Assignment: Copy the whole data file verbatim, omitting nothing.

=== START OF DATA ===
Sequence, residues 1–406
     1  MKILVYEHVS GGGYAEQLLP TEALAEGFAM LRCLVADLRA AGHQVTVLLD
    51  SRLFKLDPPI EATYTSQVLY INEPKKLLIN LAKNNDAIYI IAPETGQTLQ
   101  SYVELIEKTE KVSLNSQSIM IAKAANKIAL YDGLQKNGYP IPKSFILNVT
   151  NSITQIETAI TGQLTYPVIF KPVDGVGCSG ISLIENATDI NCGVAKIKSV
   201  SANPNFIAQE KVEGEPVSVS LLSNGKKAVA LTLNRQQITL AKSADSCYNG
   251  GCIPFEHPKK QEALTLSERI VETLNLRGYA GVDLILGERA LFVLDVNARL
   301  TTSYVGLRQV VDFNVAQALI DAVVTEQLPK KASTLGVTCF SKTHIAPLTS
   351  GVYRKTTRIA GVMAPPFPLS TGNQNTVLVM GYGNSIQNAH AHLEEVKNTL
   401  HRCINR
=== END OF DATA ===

Sequence, residues 1–406
     1  MKILVYEHVS GGGYAEQLLP TEALAEGFAM LRCLVADLRA AGHQVTVLLD
    51  SRLFKLDPPI EATYTSQVLY INEPKKLLIN LAKNNDAIYI IAPETGQTLQ
   101  SYVELIEKTE KVSLNSQSIM IAKAANKIAL YDGLQKNGYP IPKSFILNVT
   151  NSITQIETAI TGQLTYPVIF KPVDGVGCSG ISLIENATDI NCGVAKIKSV
   201  SANPNFIAQE KVEGEPVSVS LLSNGKKAVA LTLNRQQITL AKSADSCYNG
   251  GCIPFEHPKK QEALTLSERI VETLNLRGYA GVDLILGERA LFVLDVNARL
   301  TTSYVGLRQV VDFNVAQALI DAVVTEQLPK KASTLGVTCF SKTHIAPLTS
   351  GVYRKTTRIA GVMAPPFPLS TGNQNTVLVM GYGNSIQNAH AHLEEVKNTL
   401  HRCINR